Five Questions With Kellie Ann Benz

David Cormican, founder of the CSSC discovered an interesting interview on Ink Canada’s Facebook Discussion Board. This is an interview with Kellie Ann Benz and it focuses on her love for Short Films. (Short is Better, right?). Dave McLeod asked her five questions, and these were the results.

Q1. Short film: a stepping stone to features/tv, another way for those in the industry to express themselves creatively with small financial commitment or a way for writers to transition to other roles (director/producer) in film? What’s your take on the genre?

I made my first short film in 1997. I thought I was so clever and smart to make my blasphemous comedy ‘The Second Coming’ – a comedy about a woman’s one night stand with Jesus Christ. I didn’t know anything about the short film world, only that I had this 10 page script that I didn’t want anyone to fuck with. So I directed it, even though I didn’t know when to call action or cut or even where to stand on the set (I had a great 1st AD Fred Graver who was kind, patient and supportive). The only ace I had was that I knew exactly what I wanted to see on the screen. So I made the film, I got it done and then I thought – now what? The first four months of submitting was horrible, every festival turned me down. Then I got invited to the Toronto Worldwide Short Film Festival and was so excited to FINALLY be in a festival that I flew to Toronto to attend.

Keep in mind that I really thought I was so clever to make such a biting comedy in only a scant 13 minutes. I expected my cleverness would be rewarded with studio offers, TV deals, blank cheques and of course, a parade of accolades. I mean, this much comedy in only 13 minutes! Clearly, I was a force to be reckoned with, right? A new wave of warp speed comedy!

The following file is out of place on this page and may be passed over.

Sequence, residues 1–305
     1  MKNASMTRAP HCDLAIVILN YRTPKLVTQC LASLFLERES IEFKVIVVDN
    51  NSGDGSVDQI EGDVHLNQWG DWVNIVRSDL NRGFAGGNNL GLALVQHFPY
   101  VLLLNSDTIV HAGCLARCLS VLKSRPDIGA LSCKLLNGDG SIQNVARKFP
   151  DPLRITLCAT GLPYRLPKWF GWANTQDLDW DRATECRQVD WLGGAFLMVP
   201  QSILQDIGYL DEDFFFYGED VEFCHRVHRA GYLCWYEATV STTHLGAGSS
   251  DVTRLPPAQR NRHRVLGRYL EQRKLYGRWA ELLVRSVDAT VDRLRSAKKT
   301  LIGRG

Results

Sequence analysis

Then I saw a Belgian film called The Bloody Olive. The Bloody Olive was beautifully shot, noir style, and had such a hilarious premise that I was completely put to shame. I mean put. to. shame! I just recently found out The Bloody Olive is on youtube, I googled it and there it was, my inspiration. Ten years later it still stands up as one of the BEST films I’ve ever seen.

Most importantly, it opened my world to what short films can do.

I LOVE the medium of short films. I love the singular storyline and the details with which you can dive into an A plot. Some of my most favorite films of all time are shorts. To me, the medium of short films is an art on its own. It’s a little piece of awesome that you so VERY rarely experience with feature films.

They can sometimes lead to bigger opportunities, but I have never made a short film with any ambition other than to tell a story I needed to tell. The very best short films I’ve ever seen are movies that were meant to be told in a short form. I have an immense amount of respect for this medium. The mastery of this medium can take a lifetime – and what a noble pursuit if you ask me.

Q2. What key experiences in your film career brought you to a place where you were able to make Awkward?

Awkward is a film that tells the story of people who have no filters on their language. I dabbled a little with online dating. As all of you who’ve done the same know, the online world is…shall we say…overt? The men online usually go directly to the deep, burning questions of soul to soul connection, like ‘what’s your cup size’ and ‘are you into anal?’